8 Job Interview Mistakes To AvoidWritten by Nathan Newberger
This http://www.WorkTree.com career article gives you some sraightforward advice to pass any job interview.
The interview is a critical part of job search process and also one where most job seekers have trouble. There is plenty of advice around on how to navigate thru an interview successfully. This article has put together some simple, but crucial items that job seekers should definitely plan on NOT doing! =================================================== JOB INTERVIEWING - 8 MISTAKES YOU MUST AVOID! ===================================================
1. - DON'T SHOW UP LATE. There is no easier way to lose points with a prospective employer than to show up late. First impressions do last. And unfortunately, showing up late screams things like “I am unreliable” or “your time is not important to me”. Is this what you want a prospective employer to think before you even have a chance to utter a word? Make it a point to try to be early to every interview. That way, bad weather, traffic and that last minute phone call stand less chance of ruining your entrance. If unforeseen 18-wheeler does happen to dump 10 tons of tomatoes across interstate, upon arrival, apologize first thing, offer a quickexplanation and move on. (Ideally you would have called from your cell phone as soon as you caught sight of delay.)
2. - DON'T ACT DISINTERESTED. No matter what circumstance never act disinterested during an interview. If 10 minutes into meeting you become certain that nothing on planet could convince you to take a job with company continue to pay attention and act like you care about conversation. Remember that interviewer does not exist in a vacuum. He or she has friends, relatives, and associates who may influence future job opportunities. If you behave poorly, interviewer will remember and will share story of you and your unprofessional behavior with others. Haven’t you shared bad job search experiences with people close to you? The interviewer is probably no different.
3. - DON'T BE UNPREPARED. Being prepared has many facets. Interviewers expect you to know something about company and position you are seeking. Having this knowledge makes you appear both motivated and truly interested. So make sure you do your research! Excellent sources of information include, Internet, periodicals and people already in field. Another facet of being prepared is being ready for types of questions that may be asked. There are numerous articles on web and in bookstores with practice interview questions and answers. Make sure to utilize all such resources available to you. And finally, don’t forget to have extra copies of your resume and references on hand should they be requested.
4. - DON'T FORGET YOUR MANNERS. No matter how old fashioned it appears to use word like “please”, “sir”, “ma’am” and “thank you”, do not delete these words from your vocabulary. These simple words can work wonders towards making a positive impression. Always use a respectful tone of voice. Do not unnecessarily interrupt interviewer. Maintain eye contact and a pleasant expression. Leave slang, slouching and gum chewing at home. Good manners signals respect for yourself and people around you; never underestimate their importance.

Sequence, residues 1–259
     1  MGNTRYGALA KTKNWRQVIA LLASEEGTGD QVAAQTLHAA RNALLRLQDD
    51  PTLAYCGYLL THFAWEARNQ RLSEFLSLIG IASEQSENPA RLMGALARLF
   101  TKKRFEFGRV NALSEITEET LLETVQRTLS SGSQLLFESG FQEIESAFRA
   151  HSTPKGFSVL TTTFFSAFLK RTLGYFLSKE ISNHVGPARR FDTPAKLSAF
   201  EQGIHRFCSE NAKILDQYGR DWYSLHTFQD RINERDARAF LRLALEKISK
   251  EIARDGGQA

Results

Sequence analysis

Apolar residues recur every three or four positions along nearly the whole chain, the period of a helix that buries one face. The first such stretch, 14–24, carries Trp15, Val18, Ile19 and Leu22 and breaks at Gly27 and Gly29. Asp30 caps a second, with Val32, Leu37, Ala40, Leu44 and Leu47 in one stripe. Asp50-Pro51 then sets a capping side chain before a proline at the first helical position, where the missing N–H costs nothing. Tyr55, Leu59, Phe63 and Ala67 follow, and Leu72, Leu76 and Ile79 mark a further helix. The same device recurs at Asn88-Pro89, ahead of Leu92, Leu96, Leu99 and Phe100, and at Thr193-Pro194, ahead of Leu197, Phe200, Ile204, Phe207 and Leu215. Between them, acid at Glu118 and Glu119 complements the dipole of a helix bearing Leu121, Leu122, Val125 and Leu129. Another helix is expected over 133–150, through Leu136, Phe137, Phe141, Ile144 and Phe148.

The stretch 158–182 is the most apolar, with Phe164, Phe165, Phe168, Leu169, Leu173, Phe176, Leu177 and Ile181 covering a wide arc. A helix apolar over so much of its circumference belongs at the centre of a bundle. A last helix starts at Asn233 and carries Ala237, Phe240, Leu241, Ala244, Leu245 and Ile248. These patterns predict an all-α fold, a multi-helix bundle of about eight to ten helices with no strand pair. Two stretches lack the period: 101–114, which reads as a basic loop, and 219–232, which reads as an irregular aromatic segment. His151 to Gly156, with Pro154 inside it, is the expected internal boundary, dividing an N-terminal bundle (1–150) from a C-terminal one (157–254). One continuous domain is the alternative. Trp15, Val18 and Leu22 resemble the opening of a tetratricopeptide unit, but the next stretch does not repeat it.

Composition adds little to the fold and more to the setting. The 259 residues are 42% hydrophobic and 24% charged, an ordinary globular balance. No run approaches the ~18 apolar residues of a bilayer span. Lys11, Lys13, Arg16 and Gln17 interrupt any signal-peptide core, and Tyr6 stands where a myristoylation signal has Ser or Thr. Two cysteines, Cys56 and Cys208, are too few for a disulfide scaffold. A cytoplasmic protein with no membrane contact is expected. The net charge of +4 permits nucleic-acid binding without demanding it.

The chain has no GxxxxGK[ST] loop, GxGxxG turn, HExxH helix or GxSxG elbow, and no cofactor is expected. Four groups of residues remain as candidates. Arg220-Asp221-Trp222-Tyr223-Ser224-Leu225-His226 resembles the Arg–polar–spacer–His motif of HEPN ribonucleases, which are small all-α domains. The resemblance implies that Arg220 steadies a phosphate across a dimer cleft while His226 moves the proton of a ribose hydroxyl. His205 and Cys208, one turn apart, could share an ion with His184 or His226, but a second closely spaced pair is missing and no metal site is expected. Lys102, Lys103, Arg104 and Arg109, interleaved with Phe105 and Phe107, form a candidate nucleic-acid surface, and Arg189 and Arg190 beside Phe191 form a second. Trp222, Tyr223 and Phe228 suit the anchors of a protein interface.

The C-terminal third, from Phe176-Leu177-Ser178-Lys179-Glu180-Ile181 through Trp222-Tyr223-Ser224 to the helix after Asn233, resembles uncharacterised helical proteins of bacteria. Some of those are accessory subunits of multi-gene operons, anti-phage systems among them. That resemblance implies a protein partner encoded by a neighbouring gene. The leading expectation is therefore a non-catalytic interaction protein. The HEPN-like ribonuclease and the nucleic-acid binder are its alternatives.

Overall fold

What is Mystery Shopping and Can You Really Get Paid to Shop?Written by Cathy Stucker
Mystery shoppers visit businesses “disguised as normal customers,” and do things other customers do—ask questions, make a purchase, make a return—but with a twist. These undercover customers are there to evaluate businesses and their employees. After a visit, mystery shopper completes a report or questionnaire detailing what occurred.
Why Do Businesses Hire Mystery Shoppers? In general, shops are done to find out about level of service provided to customers. However, mystery shoppers may also be asked to verify that employees are neatly groomed and in uniform, business is clean and merchandise is displayed neatly, staff persons are knowledgeable, etc. As a mystery shopper, you may be asked to verify if employees used a certain phrase (such as, “Thank you for shopping at Mega Mart.”) or if they used suggestive selling techniques (“Would you like fries with that?”). You may even be asked to shop a client's competitor, so client can compare their operations to others’. Mystery shoppers may monitor pricing, or verify that business is in compliance with professional standards or government regulations.
One common misconception about mystery shoppers is that they are just looking for what is wrong. In fact, a mystery shopper is there to provide an objective view of business, and they report on good as well as not-so-good.
Mystery shoppers seek answers to questions. Were you greeted when you entered store? Were shelves properly stocked? Was store clean? Did rest rooms have soap and tissue? How long did it take to be served? Did salesperson tell you about available service contract? Did cashier properly count out your change? Afterward, they fill out a form or write a report describing what they observed.
Mystery shopping is not opinion research. Shoppers are not paid to give their opinions, they are paid to report their observations.
When evaluating businesses, mystery shoppers are eyes and ears of business owner. Shoppers tell them how customers see business. Most businesses have service standards and rules for safety and security. Mystery shoppers tell business owner whether his employees are living up to standards and following rules.
Businesses use information from shopper reports to reward good employees, identify training deficiencies, make stores safer for employees and customers, and much more. Companies may base performance evaluations and bonus pay outs at least in part on results of mystery shops.